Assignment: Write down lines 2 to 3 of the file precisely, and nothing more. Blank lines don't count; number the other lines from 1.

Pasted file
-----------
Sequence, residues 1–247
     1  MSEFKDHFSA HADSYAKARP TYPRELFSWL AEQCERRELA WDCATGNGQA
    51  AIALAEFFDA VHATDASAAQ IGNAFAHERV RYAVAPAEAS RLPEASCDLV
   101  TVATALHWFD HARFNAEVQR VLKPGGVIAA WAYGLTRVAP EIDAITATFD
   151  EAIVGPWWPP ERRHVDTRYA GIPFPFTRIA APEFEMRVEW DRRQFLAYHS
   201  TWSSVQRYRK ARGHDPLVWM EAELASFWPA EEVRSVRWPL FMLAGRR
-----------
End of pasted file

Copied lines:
     1  MSEFKDHFSA HADSYAKARP TYPRELFSWL AEQCERRELA WDCATGNGQA
    51  AIALAEFFDA VHATDASAAQ IGNAFAHERV RYAVAPAEAS RLPEASCDLV